On Sept. 6, “Crossing Lines, Constructing Home: Displacement and Belonging in Contemporary Art” (“Crossing Lines”) opened at the Harvard Art Museums. Of the 40+ artworks in the exhibition, only one does not belong to the Harvard Art Museums’ permanent collection. Despite the limited institutional origin of its artworks, the exhibition impressively approaches the cause and significance of migration from both the political and personal perspectives, and represents subjects from wide-ranging cultures in diverse artistic media.
Bosco Sodi’s “Muro” (2017) channels compassion through an increasingly divided society. The artwork, as presented at the exhibition, is a brick cube; it records an interactive performance that Sodi launched in New York in September 2017. In Washington Square Park, Sodi built a brick wall and invited passers-by to take it down. The project is a product of international exchange: The bricks were made by Oaxacan craftspeople, assembled and given meaning by Sodi and deconstructed by viewers in New York. The breakdown of the wall suggests that the confluence of global labor and minds should bring unity, not polarization and hatred. This perspective directly counters the populist accusation of international trade as the culprit of domestic unemployment in the U.S., as well as the exploitation of globalization as a platform for nativism.
“Hub, Ground Floor, Union Wharf, 23 Wenlock Road, London N1 7SB” (Do Ho Suh, 2016) upholds the importance of memories, and especially so for migrants. Still, it recognizes them as artificial representations of the past. The sculpture is a recreation of a segment of a basement corridor from Suh’s former home using polyester fabric and stainless steel pipes. The fabric assumes a dusty, nostalgic yellow, augmenting the backstory in the artwork’s title in framing the sculpture as Suh’s memory of his old home. The evanescent and illusory texture of the sculpture alludes to memories’ inauthenticity. The fabric of the sculpture is thin and porous, like a screen, and the two ends of the “corridor” are open.
Therefore, when standing inside the sculpture, viewers are also fully present in the world outside, enveloped in conversations, gallery lights and moving silhouettes. The dislocating experience in the sculpture symbolically suggests that memory is a compromised recreation of the past that is constantly invaded and reshaped by the present. The superficiality of memories is further illustrated by the “mold-like” structure of the sculpture. Suh uses a two-dimensional medium, fabric, to recreate a three-dimensional structure. Therefore, the sculpture’s internal projections are indentations externally, meaning that the sculpture only restores the appearance of the space in Suh’s memory, not its substance, like the shadows on the wall of Plato’s allegorical cave.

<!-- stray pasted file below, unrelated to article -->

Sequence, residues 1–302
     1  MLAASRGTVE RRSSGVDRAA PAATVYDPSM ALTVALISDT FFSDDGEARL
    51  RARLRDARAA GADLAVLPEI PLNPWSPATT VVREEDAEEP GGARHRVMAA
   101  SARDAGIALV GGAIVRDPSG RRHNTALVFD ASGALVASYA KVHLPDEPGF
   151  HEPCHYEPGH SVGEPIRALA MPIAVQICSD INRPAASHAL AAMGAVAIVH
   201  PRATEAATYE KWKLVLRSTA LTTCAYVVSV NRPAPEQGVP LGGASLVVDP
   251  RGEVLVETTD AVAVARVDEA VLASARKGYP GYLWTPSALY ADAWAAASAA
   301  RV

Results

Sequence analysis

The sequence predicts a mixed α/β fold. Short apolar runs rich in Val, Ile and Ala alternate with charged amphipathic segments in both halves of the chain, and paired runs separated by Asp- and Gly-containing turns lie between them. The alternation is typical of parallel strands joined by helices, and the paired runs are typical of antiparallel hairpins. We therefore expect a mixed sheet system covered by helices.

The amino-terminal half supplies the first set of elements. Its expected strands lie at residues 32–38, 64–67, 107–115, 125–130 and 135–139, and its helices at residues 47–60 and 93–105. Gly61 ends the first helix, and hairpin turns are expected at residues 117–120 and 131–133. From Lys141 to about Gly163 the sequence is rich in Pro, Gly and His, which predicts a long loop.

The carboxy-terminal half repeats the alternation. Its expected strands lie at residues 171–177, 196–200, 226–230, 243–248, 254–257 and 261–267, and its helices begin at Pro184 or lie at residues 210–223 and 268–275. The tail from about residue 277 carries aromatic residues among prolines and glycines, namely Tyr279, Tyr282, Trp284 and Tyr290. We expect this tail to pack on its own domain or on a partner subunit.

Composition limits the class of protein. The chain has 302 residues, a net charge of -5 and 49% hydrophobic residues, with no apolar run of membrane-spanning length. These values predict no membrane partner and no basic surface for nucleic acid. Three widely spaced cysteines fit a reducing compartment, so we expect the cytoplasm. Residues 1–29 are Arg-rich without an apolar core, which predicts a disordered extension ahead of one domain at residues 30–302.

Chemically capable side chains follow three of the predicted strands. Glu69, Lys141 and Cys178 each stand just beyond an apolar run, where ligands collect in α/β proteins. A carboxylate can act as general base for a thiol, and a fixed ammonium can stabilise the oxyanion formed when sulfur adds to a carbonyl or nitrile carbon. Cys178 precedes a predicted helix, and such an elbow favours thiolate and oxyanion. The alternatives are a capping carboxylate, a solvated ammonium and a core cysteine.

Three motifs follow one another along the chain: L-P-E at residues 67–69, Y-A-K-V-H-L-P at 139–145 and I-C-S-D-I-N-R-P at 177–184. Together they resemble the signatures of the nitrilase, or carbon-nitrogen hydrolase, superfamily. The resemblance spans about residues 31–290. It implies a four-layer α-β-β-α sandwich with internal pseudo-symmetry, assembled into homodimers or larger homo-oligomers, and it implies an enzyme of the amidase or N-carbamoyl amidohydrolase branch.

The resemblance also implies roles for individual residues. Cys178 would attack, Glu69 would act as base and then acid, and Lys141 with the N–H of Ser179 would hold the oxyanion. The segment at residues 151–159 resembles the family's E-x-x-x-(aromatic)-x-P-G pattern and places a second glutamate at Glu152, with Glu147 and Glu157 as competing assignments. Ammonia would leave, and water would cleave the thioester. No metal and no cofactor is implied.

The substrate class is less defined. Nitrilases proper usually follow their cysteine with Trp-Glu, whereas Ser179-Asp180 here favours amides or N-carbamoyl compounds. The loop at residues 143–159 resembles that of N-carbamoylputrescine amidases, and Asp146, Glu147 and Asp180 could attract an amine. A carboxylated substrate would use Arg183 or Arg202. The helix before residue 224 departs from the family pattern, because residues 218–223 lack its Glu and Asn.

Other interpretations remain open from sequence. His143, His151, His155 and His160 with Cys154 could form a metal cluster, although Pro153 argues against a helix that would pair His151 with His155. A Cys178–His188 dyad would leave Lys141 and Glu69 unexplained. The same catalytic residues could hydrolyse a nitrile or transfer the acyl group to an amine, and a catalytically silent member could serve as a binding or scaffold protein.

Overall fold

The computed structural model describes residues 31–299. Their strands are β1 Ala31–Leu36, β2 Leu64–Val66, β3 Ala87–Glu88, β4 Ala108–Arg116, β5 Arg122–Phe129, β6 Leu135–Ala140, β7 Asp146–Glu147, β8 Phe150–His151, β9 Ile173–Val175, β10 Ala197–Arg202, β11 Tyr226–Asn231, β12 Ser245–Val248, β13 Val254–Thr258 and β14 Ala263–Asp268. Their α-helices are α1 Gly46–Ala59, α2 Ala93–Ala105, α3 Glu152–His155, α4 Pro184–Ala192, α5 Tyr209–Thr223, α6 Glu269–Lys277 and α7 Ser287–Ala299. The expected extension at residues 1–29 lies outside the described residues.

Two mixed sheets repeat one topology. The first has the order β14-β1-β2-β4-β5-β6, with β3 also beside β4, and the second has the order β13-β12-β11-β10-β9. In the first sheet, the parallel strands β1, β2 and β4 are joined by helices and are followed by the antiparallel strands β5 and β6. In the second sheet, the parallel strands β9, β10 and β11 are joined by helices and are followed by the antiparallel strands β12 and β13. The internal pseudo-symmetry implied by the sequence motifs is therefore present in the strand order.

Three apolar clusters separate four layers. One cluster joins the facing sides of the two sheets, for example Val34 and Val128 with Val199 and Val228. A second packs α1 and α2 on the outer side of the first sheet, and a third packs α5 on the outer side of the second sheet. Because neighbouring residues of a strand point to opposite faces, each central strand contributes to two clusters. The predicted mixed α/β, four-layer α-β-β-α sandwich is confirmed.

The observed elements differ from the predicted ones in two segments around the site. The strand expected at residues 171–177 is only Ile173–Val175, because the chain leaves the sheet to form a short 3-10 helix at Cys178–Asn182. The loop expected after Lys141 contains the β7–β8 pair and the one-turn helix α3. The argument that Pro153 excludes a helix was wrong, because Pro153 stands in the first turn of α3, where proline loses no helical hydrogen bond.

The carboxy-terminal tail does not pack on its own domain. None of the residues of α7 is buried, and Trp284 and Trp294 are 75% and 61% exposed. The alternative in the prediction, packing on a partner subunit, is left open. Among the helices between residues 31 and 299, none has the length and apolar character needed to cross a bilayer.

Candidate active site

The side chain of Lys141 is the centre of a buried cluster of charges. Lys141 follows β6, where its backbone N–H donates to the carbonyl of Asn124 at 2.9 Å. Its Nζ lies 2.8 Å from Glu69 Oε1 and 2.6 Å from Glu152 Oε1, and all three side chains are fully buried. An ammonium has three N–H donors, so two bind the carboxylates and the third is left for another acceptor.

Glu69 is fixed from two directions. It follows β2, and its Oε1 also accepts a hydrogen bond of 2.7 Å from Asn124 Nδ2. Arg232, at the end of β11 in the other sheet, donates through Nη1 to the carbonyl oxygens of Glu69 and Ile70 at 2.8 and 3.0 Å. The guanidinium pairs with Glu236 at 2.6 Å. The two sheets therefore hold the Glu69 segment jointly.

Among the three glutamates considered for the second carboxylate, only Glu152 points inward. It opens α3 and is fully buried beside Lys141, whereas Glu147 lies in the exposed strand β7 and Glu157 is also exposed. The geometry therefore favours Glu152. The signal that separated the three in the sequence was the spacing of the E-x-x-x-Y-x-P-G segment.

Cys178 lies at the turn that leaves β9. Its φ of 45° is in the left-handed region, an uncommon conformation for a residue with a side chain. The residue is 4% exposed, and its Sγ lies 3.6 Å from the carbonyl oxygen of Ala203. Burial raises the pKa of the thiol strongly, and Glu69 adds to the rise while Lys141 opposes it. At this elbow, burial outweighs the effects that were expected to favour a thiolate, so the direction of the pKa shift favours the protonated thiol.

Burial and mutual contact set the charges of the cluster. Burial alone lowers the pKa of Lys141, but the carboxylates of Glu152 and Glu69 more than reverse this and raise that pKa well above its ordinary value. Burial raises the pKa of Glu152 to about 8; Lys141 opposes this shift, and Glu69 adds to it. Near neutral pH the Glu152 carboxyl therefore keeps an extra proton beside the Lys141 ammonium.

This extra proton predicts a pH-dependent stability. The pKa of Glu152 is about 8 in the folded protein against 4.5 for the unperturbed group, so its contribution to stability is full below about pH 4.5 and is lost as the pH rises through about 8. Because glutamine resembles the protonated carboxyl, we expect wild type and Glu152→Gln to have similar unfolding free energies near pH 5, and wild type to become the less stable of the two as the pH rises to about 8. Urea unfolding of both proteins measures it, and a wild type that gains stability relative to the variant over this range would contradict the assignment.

Suh’s sculpture speaks to the irrecoverable loss of home upon moving. However, it also endorses maintaining memories, despite their inevitable limitations, as a necessary practice. The artwork stands right in the middle of its gallery space; its architectural structure allows it to claim more space and attention than its photography — or installation-based neighbors. This assertive stature of the sculpture from its inherent anatomy and curatorial organization portrays memories as needing constant attention and revisits from the present. Indeed, as imperfect as they are, memories constitute the most accessible portal to the remnants of the past — the cornerstone of our identities.
As a likely unintended effect, “Crossing Lines” initiates a metafictional contemplation on the limitations and ethics of photography. “Muslim Girl #14” (2009) by Lili Almog shows how photography is a staged performance of selected aspects of reality. “Muslim Girl #14,” the promotional artwork of the exhibition, depicts a young Chinese Muslim woman in front of a green plastic strip curtain. The woman stands upright, with hands joining in front of her body and a faint smile. The young woman’s well-mannered but nervous stature echoes the traditional Chinese impression that one needs to invoke their best decency and formalism in front of the camera.
This belief endures strongly in the country’s rural parts, where photography had been generally reserved for bureaucratic procedures and significant occasions until the last two decades. The subject’s mannerism in front of the camera conceals the authenticity of her mundane life, like how the green strip curtain obscures the everyday objects behind it in Almog’s photograph. With the rising popularity of photoblogs, crediting photographs with William Blake’s power of “[seeing] a World in a Grain of Sand” must be proceeded with caution, for the line between synecdoche and oversimplification is obscure.
Andrea Modica’s subject, on the other end, seems to have assumed little to no control over their photographic representation. “Ron McNeil, Fort Yates, ND” (Andrea Modica, 2002) (“Ron McNeil”) depicts a young Native American man on a motorcycle in front of a warehouse. The young man observes the camera suspiciously, looking perplexed and slightly irritated. “Ron McNeil” reminds its viewers of photographer’s bias and the nature of photography being more artistic than journalistic. Although photography restricts the artist’s creative agency more than traditional artistic mediums, there is still no such thing as a perfectly objective lens.
“Crossing Lines” will stay on view until Jan. 5, 2020. Students may access the Harvard Art Museums for free with valid student IDs.